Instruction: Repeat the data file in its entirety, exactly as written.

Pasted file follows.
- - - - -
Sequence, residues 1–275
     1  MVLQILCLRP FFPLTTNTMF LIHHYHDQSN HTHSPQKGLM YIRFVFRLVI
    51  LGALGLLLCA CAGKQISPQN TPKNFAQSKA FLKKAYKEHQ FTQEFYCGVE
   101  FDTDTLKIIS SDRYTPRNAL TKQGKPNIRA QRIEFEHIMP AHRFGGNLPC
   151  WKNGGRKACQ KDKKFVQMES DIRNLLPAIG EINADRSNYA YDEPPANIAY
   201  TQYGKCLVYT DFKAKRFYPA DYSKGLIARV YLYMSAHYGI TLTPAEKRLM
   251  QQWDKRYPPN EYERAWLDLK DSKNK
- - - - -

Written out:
Sequence, residues 1–275
     1  MVLQILCLRP FFPLTTNTMF LIHHYHDQSN HTHSPQKGLM YIRFVFRLVI
    51  LGALGLLLCA CAGKQISPQN TPKNFAQSKA FLKKAYKEHQ FTQEFYCGVE
   101  FDTDTLKIIS SDRYTPRNAL TKQGKPNIRA QRIEFEHIMP AHRFGGNLPC
   151  WKNGGRKACQ KDKKFVQMES DIRNLLPAIG EINADRSNYA YDEPPANIAY
   201  TQYGKCLVYT DFKAKRFYPA DYSKGLIARV YLYMSAHYGI TLTPAEKRLM
   251  QQWDKRYPPN EYERAWLDLK DSKNK